Patrick threatens veto of transportation bill
Says state needs contingency in case tolls come down
STATE HOUSE NEWS SERVICE
GOV. DEVAL PATRICK for the first time on Thursday promised to veto the Legislature’s transportation financing plan if it is not amended to replace toll revenues that could disappear in four years.
Patrick, who appeared on WGBH radio for his monthly call-in show with Jim Braude and Margery Eagan, offered sharp criticism of the House and Senate’s handling of the transportation financing issue, but suggested the feud with House Speaker Robert DeLeo and Senate President Therese Murray is about policy and is not personal.
“This is a policy difference. It’s not a personal one. As I said to the speaker this morning and he acknowledged, I’m going to do what I have to do. He’s going to do what he has to do. I hope we land in a place with a better transportation bill than we have right now. That is a big heavy lift because the leadership is so dug in. I’m under no illusions about that,” Patrick said.
Patrick went on to eliminate the possibility that he might allow the bill to become law without his signature to avoid an override vote in the House and Senate. “I’m going to veto that bill if it comes back to me in its current form, and we’ll then go from there,” he said.
Locked in this stalemate, lawmakers wrapped up sessions for the week on Thursday without any resolution to the budget and tax issues two weeks into the new fiscal year.
Democratic legislative leaders and Patrick have often touted their spirit of cooperation as a key underpinning of their work on fiscal issues and the state’s high bond rating, but the gap between Patrick and legislative leaders over spending has complicated resolution on the $34 billion fiscal 2014 budget, already two weeks late. Patrick has until Friday to act on the budget, but has suggested he won’t sign it.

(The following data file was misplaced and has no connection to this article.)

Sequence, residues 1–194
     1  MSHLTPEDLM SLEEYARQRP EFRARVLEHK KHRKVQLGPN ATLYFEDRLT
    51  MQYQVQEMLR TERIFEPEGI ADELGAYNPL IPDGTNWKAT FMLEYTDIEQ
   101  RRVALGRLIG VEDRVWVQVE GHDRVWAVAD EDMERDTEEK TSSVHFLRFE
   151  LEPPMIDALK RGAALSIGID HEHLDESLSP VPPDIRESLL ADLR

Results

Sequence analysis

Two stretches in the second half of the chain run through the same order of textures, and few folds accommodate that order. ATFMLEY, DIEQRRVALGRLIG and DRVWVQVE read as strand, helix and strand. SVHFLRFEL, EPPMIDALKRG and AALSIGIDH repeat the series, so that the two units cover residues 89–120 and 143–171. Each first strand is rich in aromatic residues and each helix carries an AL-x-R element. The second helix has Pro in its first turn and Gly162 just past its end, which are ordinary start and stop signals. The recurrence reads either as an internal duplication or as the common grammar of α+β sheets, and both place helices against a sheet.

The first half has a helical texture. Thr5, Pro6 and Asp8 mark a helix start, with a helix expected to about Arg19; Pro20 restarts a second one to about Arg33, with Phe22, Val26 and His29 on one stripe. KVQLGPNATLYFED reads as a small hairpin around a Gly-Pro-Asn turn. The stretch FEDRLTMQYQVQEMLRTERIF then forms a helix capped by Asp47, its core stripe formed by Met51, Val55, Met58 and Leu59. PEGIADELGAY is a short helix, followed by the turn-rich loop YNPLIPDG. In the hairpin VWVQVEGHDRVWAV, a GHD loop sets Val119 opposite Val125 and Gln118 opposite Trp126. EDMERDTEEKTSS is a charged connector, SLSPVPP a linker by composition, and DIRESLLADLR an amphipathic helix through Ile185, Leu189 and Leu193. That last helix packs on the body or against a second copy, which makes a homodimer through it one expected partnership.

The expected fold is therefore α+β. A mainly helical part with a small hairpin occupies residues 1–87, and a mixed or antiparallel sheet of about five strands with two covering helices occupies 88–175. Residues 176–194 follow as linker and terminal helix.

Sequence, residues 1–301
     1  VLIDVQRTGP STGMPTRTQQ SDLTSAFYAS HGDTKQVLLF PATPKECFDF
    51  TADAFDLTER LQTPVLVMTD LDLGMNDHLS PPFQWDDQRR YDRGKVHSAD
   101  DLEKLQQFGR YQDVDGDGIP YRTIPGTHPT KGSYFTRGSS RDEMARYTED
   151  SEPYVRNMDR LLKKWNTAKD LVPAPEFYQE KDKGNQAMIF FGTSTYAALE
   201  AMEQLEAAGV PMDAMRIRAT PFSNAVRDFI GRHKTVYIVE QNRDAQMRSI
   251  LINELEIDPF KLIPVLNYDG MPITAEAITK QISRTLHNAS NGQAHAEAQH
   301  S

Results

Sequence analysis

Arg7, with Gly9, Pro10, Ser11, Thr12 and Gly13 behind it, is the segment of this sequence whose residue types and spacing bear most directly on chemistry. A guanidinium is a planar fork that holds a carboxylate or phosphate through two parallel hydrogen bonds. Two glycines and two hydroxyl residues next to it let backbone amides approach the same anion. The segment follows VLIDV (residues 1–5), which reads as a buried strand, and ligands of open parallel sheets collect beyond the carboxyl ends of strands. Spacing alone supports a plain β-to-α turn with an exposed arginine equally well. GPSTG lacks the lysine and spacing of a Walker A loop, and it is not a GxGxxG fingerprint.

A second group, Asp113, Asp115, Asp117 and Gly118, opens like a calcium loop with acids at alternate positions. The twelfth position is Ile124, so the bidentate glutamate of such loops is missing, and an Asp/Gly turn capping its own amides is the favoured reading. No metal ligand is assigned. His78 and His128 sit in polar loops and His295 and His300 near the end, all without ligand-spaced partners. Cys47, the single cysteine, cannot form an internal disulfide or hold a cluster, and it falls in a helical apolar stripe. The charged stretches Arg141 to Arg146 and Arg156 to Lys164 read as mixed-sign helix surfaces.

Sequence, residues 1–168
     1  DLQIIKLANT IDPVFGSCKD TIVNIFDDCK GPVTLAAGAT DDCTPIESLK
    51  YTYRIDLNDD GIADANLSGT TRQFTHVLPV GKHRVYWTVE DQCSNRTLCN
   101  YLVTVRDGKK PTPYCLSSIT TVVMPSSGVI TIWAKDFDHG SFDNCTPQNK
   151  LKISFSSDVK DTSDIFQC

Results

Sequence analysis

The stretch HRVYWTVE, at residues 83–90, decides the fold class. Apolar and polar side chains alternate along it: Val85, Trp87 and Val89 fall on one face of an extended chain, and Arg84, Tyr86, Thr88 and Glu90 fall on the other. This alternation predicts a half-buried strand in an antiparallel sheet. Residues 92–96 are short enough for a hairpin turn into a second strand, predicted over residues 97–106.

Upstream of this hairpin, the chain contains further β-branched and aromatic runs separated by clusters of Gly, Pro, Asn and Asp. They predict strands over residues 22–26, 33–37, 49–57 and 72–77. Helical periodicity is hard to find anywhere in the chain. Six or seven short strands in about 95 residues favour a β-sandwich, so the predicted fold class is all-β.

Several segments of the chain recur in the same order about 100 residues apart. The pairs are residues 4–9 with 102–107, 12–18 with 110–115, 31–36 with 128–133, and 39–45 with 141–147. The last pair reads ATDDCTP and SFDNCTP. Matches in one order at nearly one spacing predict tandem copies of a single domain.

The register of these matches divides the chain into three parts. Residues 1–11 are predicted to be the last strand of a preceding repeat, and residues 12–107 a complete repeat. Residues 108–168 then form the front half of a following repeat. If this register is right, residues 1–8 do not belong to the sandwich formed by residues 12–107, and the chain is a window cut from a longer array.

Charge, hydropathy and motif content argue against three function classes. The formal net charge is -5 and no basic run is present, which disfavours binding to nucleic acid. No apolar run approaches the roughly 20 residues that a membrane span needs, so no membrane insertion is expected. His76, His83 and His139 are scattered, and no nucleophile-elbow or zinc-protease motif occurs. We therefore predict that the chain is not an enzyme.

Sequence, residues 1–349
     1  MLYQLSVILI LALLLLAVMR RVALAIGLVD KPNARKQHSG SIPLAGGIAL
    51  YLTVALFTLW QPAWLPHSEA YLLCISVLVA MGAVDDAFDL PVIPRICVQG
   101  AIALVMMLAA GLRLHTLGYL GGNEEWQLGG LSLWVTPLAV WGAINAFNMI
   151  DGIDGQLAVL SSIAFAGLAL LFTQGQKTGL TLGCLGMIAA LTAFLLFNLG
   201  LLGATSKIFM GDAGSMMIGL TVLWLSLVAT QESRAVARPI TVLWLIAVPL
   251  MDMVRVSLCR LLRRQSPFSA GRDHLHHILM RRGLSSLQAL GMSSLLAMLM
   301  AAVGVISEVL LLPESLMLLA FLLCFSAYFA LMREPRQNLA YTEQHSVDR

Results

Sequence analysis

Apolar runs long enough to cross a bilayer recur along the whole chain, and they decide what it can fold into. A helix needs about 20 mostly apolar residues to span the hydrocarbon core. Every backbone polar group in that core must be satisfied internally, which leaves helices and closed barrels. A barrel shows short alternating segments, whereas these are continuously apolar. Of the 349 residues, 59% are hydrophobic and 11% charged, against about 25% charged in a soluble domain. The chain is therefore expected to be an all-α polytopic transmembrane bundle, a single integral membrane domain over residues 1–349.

DeLeo and Murray have scheduled formal sessions next Wednesday and Thursday to reject Patrick’s transportation amendment that would replace any lost toll revenue from the Turnpike after 2016 with a gas tax increase of at least 3 cents to cover the difference. Both Democrats say there is no appetite among their members to support additional tax increases beyond the $500 million already approved, and have expressed confidence both branches have the votes to override.
[The tolls on the Turnpike from Route 128 to the New York border could come down in 2017 if bonds covering that stretch of road are paid off and transportation officials certify that the Turnpike is in a state of good repair. Officials in the Legislature tell CommonWealth that they see no need to take another tax vote now since it is unlikely transportation officials in 2017 will say the Turnpike will remain in good repair without toll revenues.][The officials in the Legislature also say they are mystified about Patrick’s relatively sudden concern about toll revenues. They said they suspect he is worried that his successor, particularly if he or she is a Republican, might let the tolls come down and is trying to guard against that.]
“There were no hearings on it. They announced it one day, voted on it the next. That to me is not, as they say, the way to run a railroad,” Patrick said, echoing calls made by House Republicans at the time in March for a public hearing on the Legislative tax plan.